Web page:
Clinton takes risk, goes on TV show to deny affair CAMPAIGN '92

January 27, 1992|By John Fairhall | John Fairhall,Sun Staff Correspondent Jules Witcover of the Washington Bureau of The Sun contributed to this article.

MANCHESTER, N.H. -- His presidential candidacy at stake, Arkansas Gov. Bill Clinton went on national television last night to deny that he had an affair with a woman who claims they did.

"That allegation is false," Mr. Clinton said on CBS' "60 Minutes."

Mr. Clinton appeared tense as he repeatedly refused to say whether he had ever had an extramarital affair. He and his wife, Hillary, acknowledged problems in their 16-year marriage but refused to specify them, drawing a line of privacy around their personal lives and criticizing the news media for intruding.

Viewers, who had just seen a one-sided Super Bowl, witnessed a spirited 10-minute contest between the Clintons and CBS' Steve Kroft over the public's right to know intimate details of candidates' lives.

And it was left to the audience to decide who had won.

Asked whether he believed he had put the issue behind him by appearing on TV, Mr. Clinton said, "That's up to the American people and to some extent the press."

"This will test the character of the press," he added. "It's not only my character that's being tested."

The Clintons took the risky step of appearing on national television because news coverage of the woman's allegations has effectively paralyzed his campaign for the Democratic nomination.

Polls put him in the lead in the Feb. 18 New Hampshire primaryrace. But a new voter survey indicates the publicity is undermining that support.

A supermarket tabloid, the Star, quotes Gennifer Flowers, an Arkansas state employee, as saying she had a 12-year affair with the governor. The newspaper paid her an undisclosed amount for her story. Ms. Flowers had previously denied having an affair with him.

Mr. Kroft repeatedly pressed Mr. Clinton on the question of whether he had ever been unfaithful to his wife. He said a CBS poll showed that 14 percent of registered voters wouldn't vote for a candidate guilty of infidelity.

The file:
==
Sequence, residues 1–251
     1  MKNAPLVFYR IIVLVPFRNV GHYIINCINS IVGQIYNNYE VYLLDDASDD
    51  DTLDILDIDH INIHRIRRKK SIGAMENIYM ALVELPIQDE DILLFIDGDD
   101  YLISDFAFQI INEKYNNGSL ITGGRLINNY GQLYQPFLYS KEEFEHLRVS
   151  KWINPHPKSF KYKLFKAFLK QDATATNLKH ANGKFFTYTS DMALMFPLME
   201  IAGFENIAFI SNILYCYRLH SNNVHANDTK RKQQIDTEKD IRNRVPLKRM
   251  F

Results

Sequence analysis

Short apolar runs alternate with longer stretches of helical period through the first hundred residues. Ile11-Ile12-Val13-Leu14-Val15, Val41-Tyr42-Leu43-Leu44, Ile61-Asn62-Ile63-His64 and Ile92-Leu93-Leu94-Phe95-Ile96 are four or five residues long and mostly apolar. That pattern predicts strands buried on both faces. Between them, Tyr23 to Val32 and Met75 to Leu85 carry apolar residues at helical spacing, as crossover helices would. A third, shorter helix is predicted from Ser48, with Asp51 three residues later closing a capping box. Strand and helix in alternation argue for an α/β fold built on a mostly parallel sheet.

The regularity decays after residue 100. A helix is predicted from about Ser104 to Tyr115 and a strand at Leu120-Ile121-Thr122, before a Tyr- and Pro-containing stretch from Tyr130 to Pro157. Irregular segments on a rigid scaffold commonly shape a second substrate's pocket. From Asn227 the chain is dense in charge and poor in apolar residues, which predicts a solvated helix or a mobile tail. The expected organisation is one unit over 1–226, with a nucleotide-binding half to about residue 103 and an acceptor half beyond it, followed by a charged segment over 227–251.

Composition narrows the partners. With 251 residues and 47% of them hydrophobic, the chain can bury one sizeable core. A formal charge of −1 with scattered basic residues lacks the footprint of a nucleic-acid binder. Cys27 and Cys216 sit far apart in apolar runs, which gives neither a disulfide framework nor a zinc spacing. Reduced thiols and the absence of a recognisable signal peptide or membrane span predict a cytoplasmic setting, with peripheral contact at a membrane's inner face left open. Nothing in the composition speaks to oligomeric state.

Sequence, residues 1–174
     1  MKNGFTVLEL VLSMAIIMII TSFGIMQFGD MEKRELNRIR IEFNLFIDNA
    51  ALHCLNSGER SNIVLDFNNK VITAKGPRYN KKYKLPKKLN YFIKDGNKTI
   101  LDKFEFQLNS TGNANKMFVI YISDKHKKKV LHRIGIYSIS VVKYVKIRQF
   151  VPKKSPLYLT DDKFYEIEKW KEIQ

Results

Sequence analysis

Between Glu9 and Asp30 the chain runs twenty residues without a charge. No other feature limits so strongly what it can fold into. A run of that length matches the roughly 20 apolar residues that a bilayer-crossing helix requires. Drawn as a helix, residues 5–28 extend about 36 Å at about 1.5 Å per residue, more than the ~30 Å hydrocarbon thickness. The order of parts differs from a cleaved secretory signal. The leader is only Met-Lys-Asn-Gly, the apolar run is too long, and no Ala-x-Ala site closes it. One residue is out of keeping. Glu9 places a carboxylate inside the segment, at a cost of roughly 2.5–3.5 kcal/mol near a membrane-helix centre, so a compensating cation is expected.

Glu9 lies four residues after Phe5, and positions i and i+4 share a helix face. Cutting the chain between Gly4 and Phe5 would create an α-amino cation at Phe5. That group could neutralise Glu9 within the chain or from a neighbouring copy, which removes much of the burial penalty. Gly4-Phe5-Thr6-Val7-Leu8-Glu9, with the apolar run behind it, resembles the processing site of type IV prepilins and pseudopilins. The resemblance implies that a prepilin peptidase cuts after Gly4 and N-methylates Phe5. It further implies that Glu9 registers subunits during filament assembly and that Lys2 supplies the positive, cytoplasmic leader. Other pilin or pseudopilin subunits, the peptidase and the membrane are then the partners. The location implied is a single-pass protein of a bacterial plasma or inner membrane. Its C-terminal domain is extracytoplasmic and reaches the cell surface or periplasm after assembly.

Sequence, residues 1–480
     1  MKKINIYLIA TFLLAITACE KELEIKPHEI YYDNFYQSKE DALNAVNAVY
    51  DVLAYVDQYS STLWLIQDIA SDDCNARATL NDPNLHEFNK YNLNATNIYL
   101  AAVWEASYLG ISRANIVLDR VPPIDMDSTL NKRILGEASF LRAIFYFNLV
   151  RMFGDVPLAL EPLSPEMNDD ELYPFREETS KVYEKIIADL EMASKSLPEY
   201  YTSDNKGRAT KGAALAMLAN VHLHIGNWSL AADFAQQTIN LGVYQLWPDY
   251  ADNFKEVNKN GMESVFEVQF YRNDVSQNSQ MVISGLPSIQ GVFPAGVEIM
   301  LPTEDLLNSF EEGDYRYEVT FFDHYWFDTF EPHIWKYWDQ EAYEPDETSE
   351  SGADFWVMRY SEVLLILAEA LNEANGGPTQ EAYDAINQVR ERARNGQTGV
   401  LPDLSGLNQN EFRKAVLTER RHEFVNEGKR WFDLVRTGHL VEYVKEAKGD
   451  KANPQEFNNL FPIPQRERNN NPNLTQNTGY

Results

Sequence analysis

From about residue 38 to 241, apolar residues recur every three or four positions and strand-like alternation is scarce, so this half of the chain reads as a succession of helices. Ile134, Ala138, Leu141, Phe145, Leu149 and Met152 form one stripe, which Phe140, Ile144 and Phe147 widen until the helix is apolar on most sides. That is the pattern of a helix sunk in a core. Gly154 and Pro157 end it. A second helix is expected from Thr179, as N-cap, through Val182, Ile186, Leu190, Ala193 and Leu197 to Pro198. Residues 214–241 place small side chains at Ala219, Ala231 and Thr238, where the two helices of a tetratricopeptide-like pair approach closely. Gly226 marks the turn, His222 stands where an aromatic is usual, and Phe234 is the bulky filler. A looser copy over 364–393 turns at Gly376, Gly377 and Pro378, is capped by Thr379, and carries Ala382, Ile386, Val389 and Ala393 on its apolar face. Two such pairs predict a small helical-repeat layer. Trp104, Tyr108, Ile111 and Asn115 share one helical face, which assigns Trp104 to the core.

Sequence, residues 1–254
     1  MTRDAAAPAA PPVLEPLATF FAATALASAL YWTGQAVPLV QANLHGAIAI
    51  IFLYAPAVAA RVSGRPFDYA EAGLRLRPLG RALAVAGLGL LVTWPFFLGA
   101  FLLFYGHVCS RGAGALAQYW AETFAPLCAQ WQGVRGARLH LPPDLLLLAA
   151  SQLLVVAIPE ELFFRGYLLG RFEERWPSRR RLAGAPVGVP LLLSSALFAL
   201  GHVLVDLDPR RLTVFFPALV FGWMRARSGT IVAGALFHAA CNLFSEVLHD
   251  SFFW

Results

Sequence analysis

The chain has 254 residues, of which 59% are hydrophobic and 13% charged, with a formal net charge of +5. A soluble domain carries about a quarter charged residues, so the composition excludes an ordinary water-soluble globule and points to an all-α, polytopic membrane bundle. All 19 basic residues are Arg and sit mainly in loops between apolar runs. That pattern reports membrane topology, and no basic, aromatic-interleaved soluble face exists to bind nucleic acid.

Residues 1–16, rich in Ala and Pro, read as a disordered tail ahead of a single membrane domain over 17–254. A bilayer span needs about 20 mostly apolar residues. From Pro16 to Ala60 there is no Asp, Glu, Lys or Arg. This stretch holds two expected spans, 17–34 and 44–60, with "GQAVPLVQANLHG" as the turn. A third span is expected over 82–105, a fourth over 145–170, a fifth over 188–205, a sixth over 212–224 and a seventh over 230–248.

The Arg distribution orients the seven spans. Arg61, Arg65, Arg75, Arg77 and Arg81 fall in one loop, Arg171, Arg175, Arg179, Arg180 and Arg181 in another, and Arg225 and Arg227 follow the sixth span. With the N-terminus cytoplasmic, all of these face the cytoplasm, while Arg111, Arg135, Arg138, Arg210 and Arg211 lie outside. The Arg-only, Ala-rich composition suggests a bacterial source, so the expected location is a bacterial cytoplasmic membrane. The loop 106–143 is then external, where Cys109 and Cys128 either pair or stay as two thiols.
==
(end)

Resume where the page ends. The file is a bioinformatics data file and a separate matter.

"I know it's an issue," Mr. Clinton said. But, referring to the poll, he said that means 86 percent "either don't think it's relevant to presidential performance or look at whether a person, looking at all of the facts, is the best person to serve."

Mrs. Clinton forcefully backed her husband.

"We've gone further than anybody we know and that's all we're going to say," she said. "And people can ask us 100 different ways, from 100 different directions and we're just going to leave the ultimate decision up to the American people."

When Mr. Kroft said it was admirable that the couple had worked out their problems and "reached some sort of understanding and arrangement," Mr. Clinton angrily interrupted.

"Wait a minute, wait a minute," he said, leaning forward. "You're looking at two people who love each other. This is not an arrangement or an understanding. This is a marriage. That's a very different thing."

Mrs. Clinton then added, defiantly, "You know I'm not sitting here some little woman standing by my man like Tammy Wynette. I'm sitting because I love him, and I respect him and I honor what he's been through and what we've been through together and you know if that's not enough for people then heck, don't vote for him."

The impact of the "60 Minutes" program will emerge as Mr. Clinton campaigns this week, initially in the South, and faces voters. Yesterday afternoon he told supporters at a campaign stop in Portsmouth he wouldn't talk again about the subject.

"Watch '60 Minutes,' " he said, his voice hoarse.

He was responding to a question about the allegations from someone in the audience at Yoken's Restaurant. The crowd jeered the questioner, with several people yelling, "Nobody cares."

But a number of people present said they did care whether he was telling the truth. If he had affairs in the past, they'd overlook that, several people said. If he was still having affairs or was lying about his past, they said he'd lose their trust.

"Well, it doesn't have any importance for me," said Lorraine Laroche of Portsmouth, referring to the allegations.

"The past is past. And if his wife is happy with the situation with him, it's past. So it won't affect my vote. And I sincerely hope he wins it."

Her husband, Arthur, agreed. "If it's current affairs, that's one thing," he said. "Then you're dealing with integrity, which affects every other characteristic."

A number of supporters also said that while they're sticking with him they'd take his advice and watch the program. "I think '60 Minutes' is really going to be the make or break for Clinton," said Curt Bartlett.

Mr. Kroft repeatedly tried to force Mr. Clinton to say whether he had ever had an affair, at one point using the word adultery.

"People are saying it's really pretty simple, if he's never had an extramarital affair, why doesn't he say it?" Mr. Kroft said.

The presidential hopeful replied: "That may be what they're saying . . . I think they're saying he's a guy who's leveled with

us."

4 Mr. Clinton did not term his responses a denial.

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